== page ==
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Do not put biodegradable plastic bags with compost in France

Many contain chemicals that can only be decomposed by industrial means

Biodegradable plastic bags can lead to particles of plastic contaminating the soil Pic: Kristini / Shutterstock

People should not put biodegradable plastic bags containing garden and food waste into composts as they may contain chemicals that can only be decomposed under ideal conditions, says a government environmental agency.

The French food and environmental agency, Anses, issued the warning on November 22 as the government prepared to debate a European law on waste reduction.

The warning comes as millions of households in France prepare for the new rules relating to the sorting of food and garden waste which come into effect on January 1, 2024.

Read more: Explainer: the rules about composting from January 1 in France

Anses says that many biodegradable plastic bags are only truly biodegradable using industrial composting methods that operate at a higher temperature than most domestic composts.

The lower temperatures of domestic composts can mean the bags are only partially decomposed, and may contaminate the soil.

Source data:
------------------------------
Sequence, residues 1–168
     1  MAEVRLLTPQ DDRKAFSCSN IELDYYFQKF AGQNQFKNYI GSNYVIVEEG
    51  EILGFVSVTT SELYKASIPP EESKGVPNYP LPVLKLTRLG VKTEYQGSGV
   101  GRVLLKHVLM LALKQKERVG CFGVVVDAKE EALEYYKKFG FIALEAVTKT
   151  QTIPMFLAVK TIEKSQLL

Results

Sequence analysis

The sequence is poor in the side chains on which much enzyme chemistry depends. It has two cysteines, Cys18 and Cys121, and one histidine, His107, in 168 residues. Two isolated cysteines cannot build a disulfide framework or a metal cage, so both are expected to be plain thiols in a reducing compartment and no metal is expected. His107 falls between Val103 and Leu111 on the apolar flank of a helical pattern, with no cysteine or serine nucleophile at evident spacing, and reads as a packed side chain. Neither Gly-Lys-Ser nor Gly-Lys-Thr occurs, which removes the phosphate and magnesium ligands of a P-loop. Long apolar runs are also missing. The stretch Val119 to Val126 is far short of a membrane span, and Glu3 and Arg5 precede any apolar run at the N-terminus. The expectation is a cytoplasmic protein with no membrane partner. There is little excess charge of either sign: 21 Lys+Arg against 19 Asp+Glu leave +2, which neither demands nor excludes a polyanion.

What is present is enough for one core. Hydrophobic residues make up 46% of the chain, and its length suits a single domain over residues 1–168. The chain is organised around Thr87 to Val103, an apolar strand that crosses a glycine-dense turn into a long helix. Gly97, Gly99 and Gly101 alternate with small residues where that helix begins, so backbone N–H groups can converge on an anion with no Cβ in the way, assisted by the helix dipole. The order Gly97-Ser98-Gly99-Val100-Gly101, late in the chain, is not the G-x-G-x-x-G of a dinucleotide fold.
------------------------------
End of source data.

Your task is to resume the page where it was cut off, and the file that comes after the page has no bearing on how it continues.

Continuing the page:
“This contamination can come in the form of various types of material or of microplastic, resulting from their decomposition,” wrote Anses science coordinator Stéphane Leconte.

“The leftover compounds can be polymers, residual monomers, additives or inorganic charges which represent potential dangers for both human health and for the environment.” 

What are biodegradable plastic bags?

Plastic bags presented as biodegradable can come in one of three forms:

  • 100% biodegradable’, can be decomposed by bacteria
  • Fully compostable’, can be 90% composted at certain temperatures within 6 months (for industrial composting) or 12 months (for domestic composting)
  • Made of biosourced materials’, must be made of at least 50% natural material, such as cornstarch.

While these products might be biodegradable in industrial conditions, they are unlikely to be consistently broken down in the inconsistent conditions of domestic composts. 

Anses said that the labelling on these materials needs to be made clearer to prevent people from being misled.

It also said that more stringent regulations are required to ensure that they contain “no endocrine disruptors, carcinogenic, mutagenic or reprotoxic substances”.

What should people use to store food and garden waste?

The current recommendations of the French Agency for Ecological Transition, Ademe, are that people should store their waste in a brown paper bag or in a closed container, such as a bin with a handle.

Some local authorities will provide disposable biodegradable plastic bags for food and garden waste. However, these bags are not intended for residential composting, but rather for collection and subsequent disposal in an industrial composting or biogas facility. 

Read more:

Most homes in France not ready to separate food waste come January 1

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